Salon quality nails without the salon quality small talk!
I'm a 21st-century girl, but there are generally a few futuristic conveniences I pass on because ain't nobody got time for that. Hoverboards? Stop pretending you're not just Segways without handles. Makeup-applying apps? You're leaving my IRL face hanging, yo. Apple Wallet? Nice try, robbers.
I'm not against innovation, but sometimes, if it ain't broke, don't fix it. Which is why I didn't immediately jump at the concept of spray-on nail polish. It sounded messy and more complicated than need be.
I had three colors to play with: an iridescent frosty white called Throwie, a bronze called Burner, and a silver named Dubs.
One big requirement spray-on nail polish has that the regular painty kind doesn't: a drop-cloth of some sort. You don't want to mess up your desk/bed/carpet/lap with this very chemically-scented spray zone.
First, apply a clear base-coat and let it dry; it'll help the spray polish stick to your nail bed better this way. Then, shake up that can of spray polish a lot. I find that the less shaken, the more straight alcohol you get and less pigment, so make sure you shake before every spritz.
I laid down a sheer layer of Throwie, which, in all honesty, I wish was a highlighter because look how angelic it looks! I'm not masochistic enough to spray this on my cheekbones since it'll likely blind me, but it would look so good... just saying. Keeping it at least six inches away is imperative for getting a good even layer of color and not just torpedoing pigment around in wet cold blasts (again, I learned this firsthand as anyone who tries this probably will).
I spot-sprayed some nails with Burner, and — possibly high off fumes or inspired by the shear ease of it — spot-sprayed over that with Dubs.
Overly pleased with my ambitious results, I immediately cracked a window. The cool thing about spraying on these really light layers is that the polish dries so much more quickly this way. I popped on a clear top coat and hung out admiring my metallic fingies.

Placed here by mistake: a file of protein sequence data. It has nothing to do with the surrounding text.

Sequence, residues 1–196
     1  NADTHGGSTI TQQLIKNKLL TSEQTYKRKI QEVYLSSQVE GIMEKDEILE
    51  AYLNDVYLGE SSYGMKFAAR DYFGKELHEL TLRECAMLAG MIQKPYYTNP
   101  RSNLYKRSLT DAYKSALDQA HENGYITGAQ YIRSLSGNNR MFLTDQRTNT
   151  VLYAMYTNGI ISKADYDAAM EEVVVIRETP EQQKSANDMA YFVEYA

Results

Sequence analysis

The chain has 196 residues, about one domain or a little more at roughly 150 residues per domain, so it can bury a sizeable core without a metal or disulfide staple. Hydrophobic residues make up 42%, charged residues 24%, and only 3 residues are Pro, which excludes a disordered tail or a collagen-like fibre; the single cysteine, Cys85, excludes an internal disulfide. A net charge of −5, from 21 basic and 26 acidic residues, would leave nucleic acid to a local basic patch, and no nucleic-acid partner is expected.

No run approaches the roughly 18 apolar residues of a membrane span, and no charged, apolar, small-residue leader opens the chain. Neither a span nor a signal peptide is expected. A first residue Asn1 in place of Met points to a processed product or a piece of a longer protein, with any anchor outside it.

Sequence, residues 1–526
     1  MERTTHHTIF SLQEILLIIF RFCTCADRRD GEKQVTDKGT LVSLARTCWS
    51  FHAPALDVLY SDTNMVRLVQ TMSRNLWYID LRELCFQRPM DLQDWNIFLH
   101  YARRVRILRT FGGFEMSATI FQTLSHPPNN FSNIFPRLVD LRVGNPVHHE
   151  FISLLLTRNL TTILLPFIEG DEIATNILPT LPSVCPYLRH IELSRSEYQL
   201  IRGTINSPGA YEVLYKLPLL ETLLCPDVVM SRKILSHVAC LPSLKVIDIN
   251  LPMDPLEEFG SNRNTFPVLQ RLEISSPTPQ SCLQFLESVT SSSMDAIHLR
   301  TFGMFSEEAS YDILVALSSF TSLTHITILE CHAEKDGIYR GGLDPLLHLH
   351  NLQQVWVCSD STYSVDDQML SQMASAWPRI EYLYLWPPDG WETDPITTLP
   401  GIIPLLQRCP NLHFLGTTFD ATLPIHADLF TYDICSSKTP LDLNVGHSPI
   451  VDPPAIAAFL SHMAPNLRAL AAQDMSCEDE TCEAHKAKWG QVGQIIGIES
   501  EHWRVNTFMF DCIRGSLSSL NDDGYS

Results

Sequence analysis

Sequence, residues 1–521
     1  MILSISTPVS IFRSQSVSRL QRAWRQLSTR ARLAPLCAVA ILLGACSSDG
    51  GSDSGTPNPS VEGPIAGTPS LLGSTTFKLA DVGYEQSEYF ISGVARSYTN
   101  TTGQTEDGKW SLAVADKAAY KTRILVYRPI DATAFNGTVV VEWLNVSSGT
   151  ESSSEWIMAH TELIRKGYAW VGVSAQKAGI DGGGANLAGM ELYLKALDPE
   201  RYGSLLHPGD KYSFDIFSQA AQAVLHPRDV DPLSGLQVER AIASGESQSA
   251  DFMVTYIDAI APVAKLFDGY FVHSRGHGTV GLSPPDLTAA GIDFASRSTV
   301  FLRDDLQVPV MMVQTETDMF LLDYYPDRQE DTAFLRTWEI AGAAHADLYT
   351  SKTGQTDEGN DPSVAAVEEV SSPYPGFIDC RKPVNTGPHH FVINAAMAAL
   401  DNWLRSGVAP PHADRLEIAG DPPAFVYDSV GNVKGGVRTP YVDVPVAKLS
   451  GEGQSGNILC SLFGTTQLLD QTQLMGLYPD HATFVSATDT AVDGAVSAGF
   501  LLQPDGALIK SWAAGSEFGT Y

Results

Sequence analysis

Hanging out with my metallic fingers was a pretty cool look, IMO. I mean, this should be the entire point of spray-on nail polish, honestly. But, you know, it's probably not awesome to have that sitting on my skin semi-permanently, so once my top coat was dry, I washed my hands as instructed with warm water and soap to remove the excess from my skin.
This, as you can imagine, was not as easy and fast and simple as implied. I tried regular hand soap and an oil cleanser which took some hand-wringing to get the polish to budge. Then I got the bright idea to just use a cotton swab dipped in polish remover around my cuticles, which helped a lot to loosen the polish (hot tip: should've done this before it dried completely on my skin) and then after that, the rest of the polish came off much more easily with another wash.
Look how cool they came out! The ombre effect is pretty hazy and abstract, which is what I was going for, and I really love the near-iridescent effect of mixing these metallics (good options if you're going to have just three colors, though I would've appreciated a black or gunmetal). I loved it so much, it inspired me to match my eye makeup to my nails — a do if there ever was a do.
I'm into the ease of these spray-on nail polishes (though perhaps not the prep because you can't really do these everywhere) if for no reason than the fact they make my fingers look cooler in general. And considering the addition of tiny stencils, the possibilities for instant nail art are endless.
- Why don't all beauty products come in spray form? I could get on board with that.
- How savvy are y'all when it comes to convenience-for-convenience-sake beauty innovations?
- Can anyone tip me off to a spray on highlighter? I'm waiting...